The acute processes of globalisation at the turn of the century have generated an increased interest in exploring the interactions between the so-called global cultural products or trends and their specific local manifestations. Even though cross-cultural connections are becoming more patent in filmic productions in the last decades, cinema per se has always been characterized by its hybrid, transnational, border-crossing nature. From its own inception, Spanish film production was soon tied to the Hollywood film industry for its subsistence, but other film traditions such as those in the Soviet Union, France, Germany and, in particular, Italy also determined either directly or indirectly the development of Spanish cinema.
Global Genres, Local Films: The Transnational Dimension of Spanish Cinema reaches beyond the limits of the film text and analyses and contextualizes the impact of global film trends and genres on Spanish cinema in order to study how they helped articulate specific national challenges from the conflict between liberalism and tradition in the first decades of the 20th century to the management of the contemporary financial crisis. This collection provides the first comprehensive picture of the complex national and supranational forces that have shaped Spanish films, revealing the tensions and the intricate dialogue between cross-cultural aesthetic and narrative models on the one hand, and indigenous traditions on the other, as well as the political and historical contingencies these different expressions responded to.
|Product dimensions:||6.00(w) x 9.00(h) x 0.80(d)|
About the Author
Elena Oliete-Aldea is Lecturer at the Department of English of the University of Zaragoza, Spain. Her work has been published in scholarly journals like Studies in Popular Culture, Culture Unbound, Studies in Spanish and Latin American Cinemas. She is co-editor of Culture and Society in the Age of Globalisation (2005) and author of Hybrid Heritage on Screen, the Raj Revival in the Thatcher Era (2015).
Beatriz Oria is Lecturer at the Department of English of the University of Zaragoza, Spain, where she teaches Film Analysis. She has published articles in scholarly journals like The Journal of Popular Film and Television, The Journal of Popular Culture or Journal of Popular Romance Studies. She is the co-editor of Intimate Explorations: Readings Across Disciplines (2009) and the author of Talking Dirty on 'Sex and the City': Romance, Intimacy, Friendship (2014).
Juan A. Tarancón is Lecturer at the Department of English of the University of Zaragoza, Spain. His work has appeared in CineAction, Cultural Studies, The Quarterly Review of Film and Video, New Cinemas: Journal of Contemporary Film, and in varied Spanish books and scholarly journals.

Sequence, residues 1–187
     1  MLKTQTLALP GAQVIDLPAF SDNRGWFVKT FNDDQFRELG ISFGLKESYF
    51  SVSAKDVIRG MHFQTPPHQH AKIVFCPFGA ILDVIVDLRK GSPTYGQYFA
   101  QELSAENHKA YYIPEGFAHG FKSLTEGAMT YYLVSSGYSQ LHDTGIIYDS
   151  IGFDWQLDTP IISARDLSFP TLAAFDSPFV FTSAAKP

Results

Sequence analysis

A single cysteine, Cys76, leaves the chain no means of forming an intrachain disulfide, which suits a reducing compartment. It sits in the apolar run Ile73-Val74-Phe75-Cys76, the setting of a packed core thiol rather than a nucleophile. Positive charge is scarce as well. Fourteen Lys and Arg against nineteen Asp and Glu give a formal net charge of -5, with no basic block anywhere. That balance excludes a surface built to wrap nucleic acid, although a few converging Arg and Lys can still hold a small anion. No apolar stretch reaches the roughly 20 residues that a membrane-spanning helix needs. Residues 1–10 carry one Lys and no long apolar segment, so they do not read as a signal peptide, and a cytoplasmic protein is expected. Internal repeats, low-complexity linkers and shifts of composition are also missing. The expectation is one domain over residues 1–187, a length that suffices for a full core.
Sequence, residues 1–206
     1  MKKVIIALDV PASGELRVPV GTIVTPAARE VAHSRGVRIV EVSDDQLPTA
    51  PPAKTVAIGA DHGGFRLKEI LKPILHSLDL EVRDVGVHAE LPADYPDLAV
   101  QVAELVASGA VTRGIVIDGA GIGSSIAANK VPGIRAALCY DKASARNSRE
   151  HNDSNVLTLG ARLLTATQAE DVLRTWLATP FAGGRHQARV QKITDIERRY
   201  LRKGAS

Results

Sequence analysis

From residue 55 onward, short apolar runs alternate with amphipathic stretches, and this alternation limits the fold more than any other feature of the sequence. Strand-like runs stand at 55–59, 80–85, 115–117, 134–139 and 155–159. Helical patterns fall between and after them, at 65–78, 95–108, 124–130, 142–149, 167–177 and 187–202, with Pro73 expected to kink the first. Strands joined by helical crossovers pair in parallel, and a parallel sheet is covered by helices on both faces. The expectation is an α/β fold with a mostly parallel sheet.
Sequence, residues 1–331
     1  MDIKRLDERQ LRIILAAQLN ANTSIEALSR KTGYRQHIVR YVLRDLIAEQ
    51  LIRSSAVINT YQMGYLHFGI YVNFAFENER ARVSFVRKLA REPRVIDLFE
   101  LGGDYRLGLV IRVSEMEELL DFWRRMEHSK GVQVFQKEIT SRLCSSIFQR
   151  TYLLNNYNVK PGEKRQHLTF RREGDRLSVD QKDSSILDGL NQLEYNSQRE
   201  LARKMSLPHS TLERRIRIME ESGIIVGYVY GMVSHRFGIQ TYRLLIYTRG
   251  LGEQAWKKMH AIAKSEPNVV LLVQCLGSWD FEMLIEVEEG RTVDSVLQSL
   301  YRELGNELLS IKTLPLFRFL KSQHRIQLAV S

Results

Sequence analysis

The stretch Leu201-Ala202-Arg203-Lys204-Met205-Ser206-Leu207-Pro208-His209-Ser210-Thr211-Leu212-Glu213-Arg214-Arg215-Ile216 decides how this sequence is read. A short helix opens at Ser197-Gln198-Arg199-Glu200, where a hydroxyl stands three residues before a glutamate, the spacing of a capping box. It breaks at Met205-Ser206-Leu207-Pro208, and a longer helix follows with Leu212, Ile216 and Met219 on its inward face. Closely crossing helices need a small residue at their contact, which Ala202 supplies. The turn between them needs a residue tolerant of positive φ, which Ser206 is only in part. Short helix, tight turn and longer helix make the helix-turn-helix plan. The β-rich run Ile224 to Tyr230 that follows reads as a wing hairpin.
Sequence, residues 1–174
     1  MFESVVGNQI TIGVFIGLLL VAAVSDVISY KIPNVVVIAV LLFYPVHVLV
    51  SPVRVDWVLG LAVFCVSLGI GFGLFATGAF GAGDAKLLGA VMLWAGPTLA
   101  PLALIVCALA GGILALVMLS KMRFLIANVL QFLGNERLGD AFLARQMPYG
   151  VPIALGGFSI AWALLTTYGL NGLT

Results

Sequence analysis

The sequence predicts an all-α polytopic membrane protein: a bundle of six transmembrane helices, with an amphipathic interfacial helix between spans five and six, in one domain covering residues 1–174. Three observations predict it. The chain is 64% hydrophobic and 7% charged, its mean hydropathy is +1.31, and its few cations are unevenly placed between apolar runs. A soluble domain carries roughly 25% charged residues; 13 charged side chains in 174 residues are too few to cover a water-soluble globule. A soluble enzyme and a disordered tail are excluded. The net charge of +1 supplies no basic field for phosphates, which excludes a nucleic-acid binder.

Table of Contents
Foreword Spanish Cinema and the National/Transnational Debate: A Brief Reflection
Barry Jordan, De Montfort University, UK
Elena Oliete, Beatriz Oria and Juan Tarancón, Universidad de Zaragoza, Spain
Part I: Rethinking Spanishness: The Soft Edges of Early Cinema
The Tuneful 1930s: Spanish Musicals in a Global Context
Valeria Camporesi, Universidad Autónoma de Madrid, Spain
Historical Films during the First Years of the Franco Regime and Their Transnational Models
Vicente José Benet, Universitat Jaume I, Spain
Realism, Social Conflict and the Rise of Crime Cinema in Francoist Spain
Juan Tarancón, Universidad de Zaragoza, Spain
Luis Lucia's Lola la piconera (1951): Hybridity, Politics, Entertainment
Federico Bonaddio, King's College, London, UK
Nothing Ever Happens: Juan Antonio Bardem and the Resignification of Hollywood Melodrama (1954-1963)
Daniel Mourenza, The University of Leeds, UK
Part II: Broadening Perspectives: Crossing Borders, Crossing Genres
Carlos Saura's Stress es tres, tres (1968): A New Spanish Cinema with French and American Influences?
Arnaud Duprat de Montero, Université Rennes 2, France
Violence, Style and Politics: The Influence of the Giallo in Spanish Cinema of the 1970s
Andy Willis, University of Salford, UK
Spanish Gothic Cinema: The Hidden Continuities of a Hidden Genre
Ann Davies, University of Stirling, UK
Re-framing Empire: Mediating Encounters and Resistance in Spanish Transatlantic Cinema Since 1992
Noelia Saenz, University of Southern California, USA
The Transnational Dimension of Contemporary Spanish Road Movies
Carmen Indurain Eraso, Universidad Pública de Navarra, Spain
Rural Spain as a Transnational Space for Reflection in Icíar Bollaín's Flores de otro mundo (1999)
Chantal Cornut-Gentille D'Arcy, Universidad de Zaragoza, Spain
Part III: Appropriating the Global: Self-Conscious Transnationalism
Isn't it Bromantic?: New Directions in Contemporary Spanish Comedy
Beatriz Oria, Universidad de Zaragoza, Spain
Malamadres and Bertomeus: Transnational Crime Film and Television
Luis M. García-Mainar, Universidad de Zaragoza, Spain
Local Responses to Universal Sufferings in Isabel Coixet's Transnational Melodramas
Hilaria Loyo, Universidad de Zaragoza, Spain
Transnational Contours and Representation Models in Recent Films about Immigration in Spain
Alberto Elena and Ana Martín Morán, Universidad Carlos III, Spain
Transnational Identities in Galician Documentary Film: Alberte Pagán's Bs. As. (2006) and Xurxo Chirro's Vikingland (2011)
Iván Villarmea Álvarez, Universidad de Zaragoza, Spain
(In)Visible Co-productions, Spanish Cinema, the Market and the Media
Vicente Rodríguez Ortega, Universidad Carlos III, Spain